Pakistan’s Supreme Court orders Punjab election on May 14

Supreme Court orders the government to hold snap polls in the country’s most populous province of Punjab on May 14.

Imran Khan and Shehbaz Sharif
A composite photo showing Pakistan's PM Shehbaz Sharif and opposition leader and ex-PM Imran Khan [File: Reuters]

Islamabad, Pakistan – Pakistan’s Supreme Court has declared the country’s poll panel’s decision to delay the assembly elections in two provinces as “unconstitutional”.

The top court on Tuesday ordered the government to hold snap polls in the country’s most populous province of Punjab on May 14.

The court’s verdict followed a petition filed by the main opposition Pakistan Tehreek-e-Insaf (PTI) party, led by former Prime Minister Imran Khan.

Khan’s party had challenged the Election Commission of Pakistan’s (ECP) decision to delay the Punjab polls from April 30 to October 8 after the government refused to give funds to conduct the exercise citing the economic crisis.

The PTI in January decided to dissolve the Punjab and Khyber Pakhtunkhwa provincial assemblies it controlled in a bid to force early national elections – a demand Khan has been making since he was removed from power a year ago.

Pakistan historically holds the national and provincial elections together. However, the ECP is also bound by the constitution to hold elections within 90 days of the dissolution of a legislative assembly.

But when the ECP refused to announce dates for the polls, the Supreme Court in February took a suo motu notice and in a split 3-2 verdict, ordered the poll panel to announce the schedule for elections in the two provinces. A suo motu is when a court itself takes note of a matter which it deems is in the public interest and commences proceedings on it.

Last month, the ECP announced the Punjab elections on April 30. On March 22, however, it withdrew the schedule and declared October 8 as the new date, forcing the PTI to move the top court.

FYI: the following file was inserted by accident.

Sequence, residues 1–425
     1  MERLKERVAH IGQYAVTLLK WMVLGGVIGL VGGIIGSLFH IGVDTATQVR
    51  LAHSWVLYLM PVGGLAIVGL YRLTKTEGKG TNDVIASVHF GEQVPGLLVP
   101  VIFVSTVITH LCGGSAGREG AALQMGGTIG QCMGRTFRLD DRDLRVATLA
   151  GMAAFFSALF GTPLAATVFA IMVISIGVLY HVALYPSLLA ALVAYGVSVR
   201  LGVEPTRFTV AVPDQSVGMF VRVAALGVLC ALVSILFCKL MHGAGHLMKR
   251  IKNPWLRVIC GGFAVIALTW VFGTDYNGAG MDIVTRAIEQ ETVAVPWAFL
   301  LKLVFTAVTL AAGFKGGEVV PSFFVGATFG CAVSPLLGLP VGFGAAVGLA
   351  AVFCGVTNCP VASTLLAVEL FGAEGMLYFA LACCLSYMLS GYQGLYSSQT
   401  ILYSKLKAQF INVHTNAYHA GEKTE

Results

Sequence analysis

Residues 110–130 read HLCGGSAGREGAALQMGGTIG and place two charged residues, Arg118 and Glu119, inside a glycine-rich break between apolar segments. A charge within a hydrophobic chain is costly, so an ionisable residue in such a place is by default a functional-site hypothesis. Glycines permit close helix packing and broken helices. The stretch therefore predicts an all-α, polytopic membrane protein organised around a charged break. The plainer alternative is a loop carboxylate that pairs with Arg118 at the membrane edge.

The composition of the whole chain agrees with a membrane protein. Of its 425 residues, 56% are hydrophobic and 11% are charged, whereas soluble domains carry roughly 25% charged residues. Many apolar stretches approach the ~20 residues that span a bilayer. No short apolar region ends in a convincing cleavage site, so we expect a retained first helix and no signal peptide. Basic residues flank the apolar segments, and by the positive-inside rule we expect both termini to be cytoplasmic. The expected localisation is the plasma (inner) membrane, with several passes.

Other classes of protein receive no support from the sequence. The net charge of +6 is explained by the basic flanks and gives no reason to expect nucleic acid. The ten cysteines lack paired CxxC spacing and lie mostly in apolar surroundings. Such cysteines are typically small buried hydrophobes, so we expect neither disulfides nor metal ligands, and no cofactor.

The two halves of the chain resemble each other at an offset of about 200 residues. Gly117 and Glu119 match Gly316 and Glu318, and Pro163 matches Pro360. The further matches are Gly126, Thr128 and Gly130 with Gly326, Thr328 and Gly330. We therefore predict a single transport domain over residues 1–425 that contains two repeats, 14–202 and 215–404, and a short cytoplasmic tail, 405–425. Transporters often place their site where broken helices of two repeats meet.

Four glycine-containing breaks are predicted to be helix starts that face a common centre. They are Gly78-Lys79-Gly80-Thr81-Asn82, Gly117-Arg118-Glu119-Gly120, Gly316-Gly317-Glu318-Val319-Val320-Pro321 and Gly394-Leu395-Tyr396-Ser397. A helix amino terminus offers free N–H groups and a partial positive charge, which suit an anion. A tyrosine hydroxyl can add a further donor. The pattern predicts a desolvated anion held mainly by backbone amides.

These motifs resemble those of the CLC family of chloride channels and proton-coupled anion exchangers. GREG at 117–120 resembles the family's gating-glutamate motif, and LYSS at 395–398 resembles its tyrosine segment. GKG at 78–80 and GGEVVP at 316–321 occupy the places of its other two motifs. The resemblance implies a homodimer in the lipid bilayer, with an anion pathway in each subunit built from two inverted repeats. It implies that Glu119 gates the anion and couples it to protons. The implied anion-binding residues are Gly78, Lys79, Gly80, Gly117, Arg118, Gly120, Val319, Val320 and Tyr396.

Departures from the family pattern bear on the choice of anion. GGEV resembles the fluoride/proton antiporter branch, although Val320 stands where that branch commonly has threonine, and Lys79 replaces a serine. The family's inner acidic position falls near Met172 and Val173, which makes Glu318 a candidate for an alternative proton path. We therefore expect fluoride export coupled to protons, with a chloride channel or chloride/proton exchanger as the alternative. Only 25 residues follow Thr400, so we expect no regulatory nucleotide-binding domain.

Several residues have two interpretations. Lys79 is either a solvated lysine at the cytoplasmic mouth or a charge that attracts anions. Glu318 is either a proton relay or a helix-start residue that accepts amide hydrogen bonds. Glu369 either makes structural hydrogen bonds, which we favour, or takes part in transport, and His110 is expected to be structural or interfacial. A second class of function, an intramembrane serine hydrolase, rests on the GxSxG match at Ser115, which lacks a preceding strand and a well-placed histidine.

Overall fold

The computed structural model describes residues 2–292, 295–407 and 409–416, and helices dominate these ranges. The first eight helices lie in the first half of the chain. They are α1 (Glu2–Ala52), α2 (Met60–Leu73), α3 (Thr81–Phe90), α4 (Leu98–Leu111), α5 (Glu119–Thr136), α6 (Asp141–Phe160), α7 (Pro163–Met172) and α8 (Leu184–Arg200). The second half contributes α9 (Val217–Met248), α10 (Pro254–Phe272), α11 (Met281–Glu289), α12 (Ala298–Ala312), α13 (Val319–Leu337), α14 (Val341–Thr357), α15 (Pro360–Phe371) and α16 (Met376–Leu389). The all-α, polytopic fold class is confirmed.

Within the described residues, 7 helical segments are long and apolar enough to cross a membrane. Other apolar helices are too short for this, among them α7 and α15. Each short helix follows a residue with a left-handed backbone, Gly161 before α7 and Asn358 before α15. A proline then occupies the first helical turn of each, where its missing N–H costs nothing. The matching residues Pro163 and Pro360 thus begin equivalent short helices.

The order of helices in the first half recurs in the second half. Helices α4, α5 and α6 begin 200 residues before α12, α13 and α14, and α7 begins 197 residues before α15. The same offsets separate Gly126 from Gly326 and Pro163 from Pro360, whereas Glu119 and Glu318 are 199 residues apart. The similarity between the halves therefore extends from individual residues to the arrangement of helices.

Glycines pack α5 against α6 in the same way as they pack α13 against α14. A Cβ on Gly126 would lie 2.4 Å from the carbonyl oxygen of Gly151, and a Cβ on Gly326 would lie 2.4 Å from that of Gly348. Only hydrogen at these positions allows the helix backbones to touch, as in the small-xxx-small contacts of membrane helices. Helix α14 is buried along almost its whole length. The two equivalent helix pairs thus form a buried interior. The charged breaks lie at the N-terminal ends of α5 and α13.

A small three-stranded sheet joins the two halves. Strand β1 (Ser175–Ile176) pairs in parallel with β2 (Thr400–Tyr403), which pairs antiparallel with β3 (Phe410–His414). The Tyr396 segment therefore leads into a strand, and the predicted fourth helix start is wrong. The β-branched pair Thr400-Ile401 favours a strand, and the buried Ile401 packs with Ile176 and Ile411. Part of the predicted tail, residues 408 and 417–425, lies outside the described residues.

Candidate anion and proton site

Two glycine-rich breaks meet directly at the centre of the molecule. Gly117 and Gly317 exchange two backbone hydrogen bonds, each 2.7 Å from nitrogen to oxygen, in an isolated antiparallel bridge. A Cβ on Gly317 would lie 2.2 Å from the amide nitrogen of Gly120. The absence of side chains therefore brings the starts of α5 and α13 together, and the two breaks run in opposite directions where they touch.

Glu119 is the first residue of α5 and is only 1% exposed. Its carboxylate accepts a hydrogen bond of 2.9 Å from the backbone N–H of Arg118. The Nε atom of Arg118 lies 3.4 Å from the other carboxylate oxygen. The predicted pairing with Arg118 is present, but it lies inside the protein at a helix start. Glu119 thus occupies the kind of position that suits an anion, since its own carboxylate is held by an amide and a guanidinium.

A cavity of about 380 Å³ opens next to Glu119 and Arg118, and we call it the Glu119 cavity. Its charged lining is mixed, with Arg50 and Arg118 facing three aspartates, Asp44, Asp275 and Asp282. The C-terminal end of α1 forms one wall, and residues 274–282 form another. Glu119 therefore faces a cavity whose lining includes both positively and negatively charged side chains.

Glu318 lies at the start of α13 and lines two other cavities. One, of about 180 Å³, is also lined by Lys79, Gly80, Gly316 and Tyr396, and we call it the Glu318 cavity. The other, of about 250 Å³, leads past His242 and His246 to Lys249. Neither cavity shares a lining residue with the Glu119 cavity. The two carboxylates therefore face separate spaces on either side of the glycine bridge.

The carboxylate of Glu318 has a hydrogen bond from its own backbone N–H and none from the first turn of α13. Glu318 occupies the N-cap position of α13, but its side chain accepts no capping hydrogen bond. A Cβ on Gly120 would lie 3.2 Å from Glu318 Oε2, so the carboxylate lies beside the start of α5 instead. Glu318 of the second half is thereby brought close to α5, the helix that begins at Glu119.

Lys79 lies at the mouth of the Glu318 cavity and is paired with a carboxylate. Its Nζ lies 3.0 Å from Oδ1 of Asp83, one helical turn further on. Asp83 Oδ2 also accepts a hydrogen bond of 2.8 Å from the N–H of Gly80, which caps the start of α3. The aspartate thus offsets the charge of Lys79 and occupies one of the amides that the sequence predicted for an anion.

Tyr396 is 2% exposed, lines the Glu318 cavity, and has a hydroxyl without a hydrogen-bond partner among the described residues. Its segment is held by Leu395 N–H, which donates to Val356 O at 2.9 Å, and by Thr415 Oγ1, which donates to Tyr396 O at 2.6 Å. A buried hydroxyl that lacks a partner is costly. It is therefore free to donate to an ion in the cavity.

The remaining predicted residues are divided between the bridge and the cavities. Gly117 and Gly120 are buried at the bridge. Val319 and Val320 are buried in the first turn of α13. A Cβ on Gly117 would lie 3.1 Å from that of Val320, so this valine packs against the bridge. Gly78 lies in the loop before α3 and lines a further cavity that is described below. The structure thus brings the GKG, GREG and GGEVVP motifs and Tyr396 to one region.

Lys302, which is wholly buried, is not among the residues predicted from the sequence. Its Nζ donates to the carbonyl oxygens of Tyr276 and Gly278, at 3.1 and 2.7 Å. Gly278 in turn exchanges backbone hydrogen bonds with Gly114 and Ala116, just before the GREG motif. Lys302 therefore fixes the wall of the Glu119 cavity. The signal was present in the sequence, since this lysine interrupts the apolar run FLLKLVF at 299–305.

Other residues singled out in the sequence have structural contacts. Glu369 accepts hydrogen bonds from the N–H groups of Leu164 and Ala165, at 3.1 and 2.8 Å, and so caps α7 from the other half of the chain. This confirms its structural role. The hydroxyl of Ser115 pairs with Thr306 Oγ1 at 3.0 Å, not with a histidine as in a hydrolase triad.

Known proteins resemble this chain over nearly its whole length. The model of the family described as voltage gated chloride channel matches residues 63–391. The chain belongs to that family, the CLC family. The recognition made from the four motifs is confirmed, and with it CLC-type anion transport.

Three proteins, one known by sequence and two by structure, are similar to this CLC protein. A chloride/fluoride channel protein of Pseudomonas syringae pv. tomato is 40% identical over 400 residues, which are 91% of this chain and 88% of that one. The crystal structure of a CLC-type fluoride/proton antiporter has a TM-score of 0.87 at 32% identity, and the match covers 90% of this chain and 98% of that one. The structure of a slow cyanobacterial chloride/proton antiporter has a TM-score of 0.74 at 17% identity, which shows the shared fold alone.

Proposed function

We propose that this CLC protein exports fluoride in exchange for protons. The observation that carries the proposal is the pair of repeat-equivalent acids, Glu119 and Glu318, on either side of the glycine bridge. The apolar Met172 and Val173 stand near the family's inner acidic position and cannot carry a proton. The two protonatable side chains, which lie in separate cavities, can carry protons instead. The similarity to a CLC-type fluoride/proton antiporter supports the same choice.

The Supreme Court said the ECP exceeded its jurisdiction by delaying the Punjab election date. “The constitution does not give the Election Commission of Pakistan the authority to postpone the elections,” it said.

On holding the polls in Khyber Pakhtunkhwa province, the top court said a petition should be filed at an appropriate forum.

The court also ordered the government to release 20 billion rupees ($70m) by April 10 for the elections and the ECP was asked to submit a report on available funds on April 11.

‘Watershed moment’

PTI lawyer Faisal Chaudhry said he was grateful to the Supreme Court for the verdict and for upholding the constitution.

Speaking to reporters outside the top court, Chaudhry said the court order is about “the future of Pakistan”, and the people of Pakistan will “protect this decision”.

“Our constitution, democracy, Supreme Court and high judiciary are all our red lines,” he said.

Senior PTI leader Shah Mahmood Qureshi also welcomed the verdict, calling it a “watershed moment” in Pakistan’s history.

“The Supreme Court has today buried the doctrine of necessity, restored the sanctity of the constitution and buried all those conspiratorial forces that were creating hurdles in the way of democracy and a democratic and constitutional system in this country,” Qureshi told reporters outside the court building.